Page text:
Saskatchewan Gets Tougher on Drinking and Driving

Some could find topic sensitive – it involves SGI’s 2014 changes to The Traffic Safety Act, The Driver’s License and Suspension Regulations and The Vehicle Impoundment Regulations. These changes create tougher drinking and driving sanctions for adults over the age of 19. Saskatchewan residents should understand the reason for these changes, the changes themselves and how they affect drivers.  Businesses need to also realize that company vehicles are at risk of impoundment.

I. Background

SGI says that 135 people were killed and 6,934 were injured in vehicle accidents on Saskatchewan’s roads and highways in 2013.  Our lawmakers decided those numbers, and numbers of similar accidents in previous years, were not acceptable.  The Special Committee on Traffic Safety recommended several more stringent laws. Many of these were adopted and became effective June 27, 2014.

II. Lower Level Charges – .04 – .08

A good portion of the new laws target experienced drivers – those over the age of 19 and not in the Graduated Driver Licensing program – who are found to have Blood Alcohol Content (BAC) between .04 and .08.

Drivers stopped with this level of intoxication will receive an immediate 3-day roadside license suspension. They also must take the Driving Without Impairment Program within 120 days. If you are caught for a second time in a 5-year period, your license will be immediately suspended for 21 days, your vehicle will be impounded for 7 days and you will have to take the program again.  Anyone stopped for a third or subsequent offence in a 5- year period will have their license automatically suspended for 90 days, have their vehicle impounded for 14 days and will have to attend the intake potion of an addictions screening and programming course before the license is returned. Drivers stopped for a third time in a five year period will also incur the cost, inconvenience and embarrassment of having an interlock device installed on their vehicle. This device prevents starting the vehicle if it detects any alcohol on the driver’s breath.

In addition to the significant disruption to one’s life a driving suspension entails, there will be towing and impoundment costs for the vehicle.

A driver can appeal the results leading to roadside suspensions for a BAC between .04 and .08, the impoundment of one’s vehicle and the installation of the interlock device, but no ground of appeal is available simply for the hardship of not having a car for work or family requirements.  You might consider requesting a second test if your first BAC reading is at the low end between .04 and .08. Officers are required to have a second test available for you.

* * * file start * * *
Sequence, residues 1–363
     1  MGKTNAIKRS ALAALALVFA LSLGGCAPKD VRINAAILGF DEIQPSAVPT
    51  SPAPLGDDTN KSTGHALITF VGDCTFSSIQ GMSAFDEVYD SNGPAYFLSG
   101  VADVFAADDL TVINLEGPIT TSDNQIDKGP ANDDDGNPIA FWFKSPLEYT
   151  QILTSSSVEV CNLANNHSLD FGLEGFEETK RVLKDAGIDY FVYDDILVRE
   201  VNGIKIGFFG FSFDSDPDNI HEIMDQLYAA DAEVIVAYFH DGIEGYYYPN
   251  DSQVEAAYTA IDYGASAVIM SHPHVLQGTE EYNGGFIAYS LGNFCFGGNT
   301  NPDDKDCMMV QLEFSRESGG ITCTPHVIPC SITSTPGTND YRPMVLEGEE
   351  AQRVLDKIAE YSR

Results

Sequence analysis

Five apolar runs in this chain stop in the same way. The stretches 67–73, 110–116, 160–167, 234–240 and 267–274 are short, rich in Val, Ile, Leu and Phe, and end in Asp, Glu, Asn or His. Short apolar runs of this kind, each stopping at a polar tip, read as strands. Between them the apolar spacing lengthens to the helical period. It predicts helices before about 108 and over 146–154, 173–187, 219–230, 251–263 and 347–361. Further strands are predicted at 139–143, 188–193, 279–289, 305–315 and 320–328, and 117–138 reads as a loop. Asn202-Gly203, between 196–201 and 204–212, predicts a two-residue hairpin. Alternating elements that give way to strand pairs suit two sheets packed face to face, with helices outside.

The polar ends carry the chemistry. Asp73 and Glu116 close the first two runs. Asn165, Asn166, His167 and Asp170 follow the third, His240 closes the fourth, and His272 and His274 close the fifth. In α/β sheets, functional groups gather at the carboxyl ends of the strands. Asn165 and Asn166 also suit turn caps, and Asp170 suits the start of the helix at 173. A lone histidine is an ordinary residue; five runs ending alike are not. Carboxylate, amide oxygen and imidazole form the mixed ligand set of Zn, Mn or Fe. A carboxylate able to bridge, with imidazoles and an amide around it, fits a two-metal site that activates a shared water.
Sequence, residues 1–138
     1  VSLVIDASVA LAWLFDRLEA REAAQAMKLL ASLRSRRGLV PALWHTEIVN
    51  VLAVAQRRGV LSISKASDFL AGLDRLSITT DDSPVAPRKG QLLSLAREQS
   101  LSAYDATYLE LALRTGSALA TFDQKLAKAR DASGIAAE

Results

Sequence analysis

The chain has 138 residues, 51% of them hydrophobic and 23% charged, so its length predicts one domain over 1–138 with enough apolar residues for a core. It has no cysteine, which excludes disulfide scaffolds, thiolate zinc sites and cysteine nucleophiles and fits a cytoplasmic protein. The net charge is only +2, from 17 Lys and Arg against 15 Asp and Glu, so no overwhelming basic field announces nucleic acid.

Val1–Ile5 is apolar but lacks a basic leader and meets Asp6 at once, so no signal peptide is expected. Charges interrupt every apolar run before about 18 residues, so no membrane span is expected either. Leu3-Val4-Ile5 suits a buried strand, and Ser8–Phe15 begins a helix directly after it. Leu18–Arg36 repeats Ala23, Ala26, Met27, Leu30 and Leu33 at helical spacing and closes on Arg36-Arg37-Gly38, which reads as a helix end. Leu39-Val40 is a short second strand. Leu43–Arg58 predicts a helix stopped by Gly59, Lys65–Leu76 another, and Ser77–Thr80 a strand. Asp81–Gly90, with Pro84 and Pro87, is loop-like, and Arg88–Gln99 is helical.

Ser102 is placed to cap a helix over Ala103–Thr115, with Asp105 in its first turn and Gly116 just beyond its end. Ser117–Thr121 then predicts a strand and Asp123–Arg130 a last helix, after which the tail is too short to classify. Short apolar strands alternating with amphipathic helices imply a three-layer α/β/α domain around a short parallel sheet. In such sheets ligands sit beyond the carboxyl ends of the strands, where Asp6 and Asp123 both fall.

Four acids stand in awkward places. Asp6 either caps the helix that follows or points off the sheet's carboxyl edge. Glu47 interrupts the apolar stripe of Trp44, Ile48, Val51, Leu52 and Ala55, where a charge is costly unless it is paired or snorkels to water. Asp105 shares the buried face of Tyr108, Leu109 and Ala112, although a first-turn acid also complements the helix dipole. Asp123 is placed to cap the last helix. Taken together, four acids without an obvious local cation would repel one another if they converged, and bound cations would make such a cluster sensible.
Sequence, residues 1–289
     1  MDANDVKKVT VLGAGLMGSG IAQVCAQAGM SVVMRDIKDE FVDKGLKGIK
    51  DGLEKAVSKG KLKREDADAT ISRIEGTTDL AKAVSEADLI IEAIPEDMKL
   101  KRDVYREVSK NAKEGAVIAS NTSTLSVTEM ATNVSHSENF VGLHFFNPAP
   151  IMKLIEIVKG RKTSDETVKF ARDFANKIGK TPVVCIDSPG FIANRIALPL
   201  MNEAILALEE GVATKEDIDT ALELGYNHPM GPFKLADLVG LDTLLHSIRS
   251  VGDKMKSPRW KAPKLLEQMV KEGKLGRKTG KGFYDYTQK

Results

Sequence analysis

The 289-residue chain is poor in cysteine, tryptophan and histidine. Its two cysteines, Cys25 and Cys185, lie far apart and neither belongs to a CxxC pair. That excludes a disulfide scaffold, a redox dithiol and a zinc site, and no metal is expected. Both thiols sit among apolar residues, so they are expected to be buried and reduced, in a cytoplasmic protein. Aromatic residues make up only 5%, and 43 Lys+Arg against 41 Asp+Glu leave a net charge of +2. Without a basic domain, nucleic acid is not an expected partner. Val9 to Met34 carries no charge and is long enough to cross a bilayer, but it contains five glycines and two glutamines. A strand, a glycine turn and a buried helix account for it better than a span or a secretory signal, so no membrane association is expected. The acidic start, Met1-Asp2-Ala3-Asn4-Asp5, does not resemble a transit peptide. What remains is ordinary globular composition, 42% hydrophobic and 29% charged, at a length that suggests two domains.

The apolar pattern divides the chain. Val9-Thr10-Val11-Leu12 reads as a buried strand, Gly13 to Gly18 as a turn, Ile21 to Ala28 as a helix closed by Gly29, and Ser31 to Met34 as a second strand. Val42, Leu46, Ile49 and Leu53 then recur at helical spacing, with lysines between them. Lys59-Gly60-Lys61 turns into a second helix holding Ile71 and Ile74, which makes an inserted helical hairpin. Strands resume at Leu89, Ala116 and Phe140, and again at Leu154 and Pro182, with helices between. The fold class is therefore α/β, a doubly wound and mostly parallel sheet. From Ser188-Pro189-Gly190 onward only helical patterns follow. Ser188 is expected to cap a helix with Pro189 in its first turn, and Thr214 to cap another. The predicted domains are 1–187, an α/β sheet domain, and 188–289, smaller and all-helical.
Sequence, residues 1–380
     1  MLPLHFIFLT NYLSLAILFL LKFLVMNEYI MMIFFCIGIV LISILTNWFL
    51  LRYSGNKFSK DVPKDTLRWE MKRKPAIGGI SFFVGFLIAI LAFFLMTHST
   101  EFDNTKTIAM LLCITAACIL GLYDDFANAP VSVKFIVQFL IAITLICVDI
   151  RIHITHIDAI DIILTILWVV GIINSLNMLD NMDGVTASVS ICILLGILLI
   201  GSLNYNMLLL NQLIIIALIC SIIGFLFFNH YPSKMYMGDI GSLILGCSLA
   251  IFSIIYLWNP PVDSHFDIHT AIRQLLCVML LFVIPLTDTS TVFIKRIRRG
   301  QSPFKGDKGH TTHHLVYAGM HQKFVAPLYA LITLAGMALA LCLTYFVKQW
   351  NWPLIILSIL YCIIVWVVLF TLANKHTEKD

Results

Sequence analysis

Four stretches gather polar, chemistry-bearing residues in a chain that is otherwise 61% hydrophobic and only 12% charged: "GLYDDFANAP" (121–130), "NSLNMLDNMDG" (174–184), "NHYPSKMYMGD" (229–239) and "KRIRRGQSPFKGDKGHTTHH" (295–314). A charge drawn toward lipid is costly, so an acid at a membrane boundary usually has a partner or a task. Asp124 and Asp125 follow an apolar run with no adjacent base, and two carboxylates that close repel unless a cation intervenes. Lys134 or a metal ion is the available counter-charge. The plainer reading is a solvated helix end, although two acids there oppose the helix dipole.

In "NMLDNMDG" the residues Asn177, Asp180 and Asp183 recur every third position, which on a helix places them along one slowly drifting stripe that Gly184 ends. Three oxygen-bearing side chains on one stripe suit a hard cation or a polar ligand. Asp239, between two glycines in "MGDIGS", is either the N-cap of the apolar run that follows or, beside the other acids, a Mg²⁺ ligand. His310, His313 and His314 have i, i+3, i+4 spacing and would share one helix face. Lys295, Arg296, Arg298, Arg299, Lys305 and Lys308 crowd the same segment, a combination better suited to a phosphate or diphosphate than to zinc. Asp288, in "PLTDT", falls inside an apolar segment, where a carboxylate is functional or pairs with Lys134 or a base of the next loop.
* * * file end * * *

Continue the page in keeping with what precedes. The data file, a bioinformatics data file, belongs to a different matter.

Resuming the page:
III. Refusal, Over .08 and Over .16

These more serious situations have already attracted federal Criminal charges in the past but our new provincial laws go further through greater fines and suspensions for these longstanding offences.

If you receive a BAC reading between .08 and .16 you will lose your license for an indefinite period of time. The suspension only ends at the completion of an eventual sentence for your offence or the adjudication of your case. That means you could be without a license until you are convicted of the charge in court or the Crown prosecutor decides to stay, dismiss or drop the charge.

Following a first offence of over .08 there is a financial penalty of $1,250.00, vehicle impoundment for 30 days, Safe Driver Recognition demerits and mandatory attendance at the Program. Again, there are significant costs associated with the Program as well as the towing and impoundment of your vehicle.

If you provide a breath sample over .16, you will incur a 60 day vehicle impoundment and face a fine of $2,250.00.  Interestingly, if you refuse to provide a breath sample you will face a fine of $2,250.00 with a 60 day suspension – the same consequence that would have resulted for providing a breath sample over .16. Although there are greater penalties, both provincially and federally, for subsequent .08, .16 and refusal offences, this level of criminality exceeds the scope of this article.  Contact a lawyer if any of these apply to you.

This article only hints at a few of the changes introduced through the new legislation.  For example, there are plenty of nuances for young drivers under the age of 19. Businesses that rely on company vehicles must also be aware of the risks of impoundment due to employee misbehaviours. I encourage anyone curious about these new laws to contact a lawyer for more thorough advice on alternatives that may be available to you, your family or your business partners.

This article originally appeared in Saskatchewan Business magazine and is reprinted with their kind permission